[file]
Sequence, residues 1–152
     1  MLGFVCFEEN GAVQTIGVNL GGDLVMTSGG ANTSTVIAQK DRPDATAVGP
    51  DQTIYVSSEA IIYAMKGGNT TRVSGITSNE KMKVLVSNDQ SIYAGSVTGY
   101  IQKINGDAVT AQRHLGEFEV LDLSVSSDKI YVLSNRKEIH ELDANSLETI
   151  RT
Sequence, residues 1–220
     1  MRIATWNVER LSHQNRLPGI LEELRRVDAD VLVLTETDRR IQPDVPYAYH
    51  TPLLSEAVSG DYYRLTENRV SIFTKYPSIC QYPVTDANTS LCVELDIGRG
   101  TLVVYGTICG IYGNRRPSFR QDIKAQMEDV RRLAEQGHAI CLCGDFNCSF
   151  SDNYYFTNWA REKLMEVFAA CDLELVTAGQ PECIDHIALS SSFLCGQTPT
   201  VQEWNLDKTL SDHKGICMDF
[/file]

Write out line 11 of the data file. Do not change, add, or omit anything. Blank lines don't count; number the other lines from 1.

   201  VQEWNLDKTL SDHKGICMDF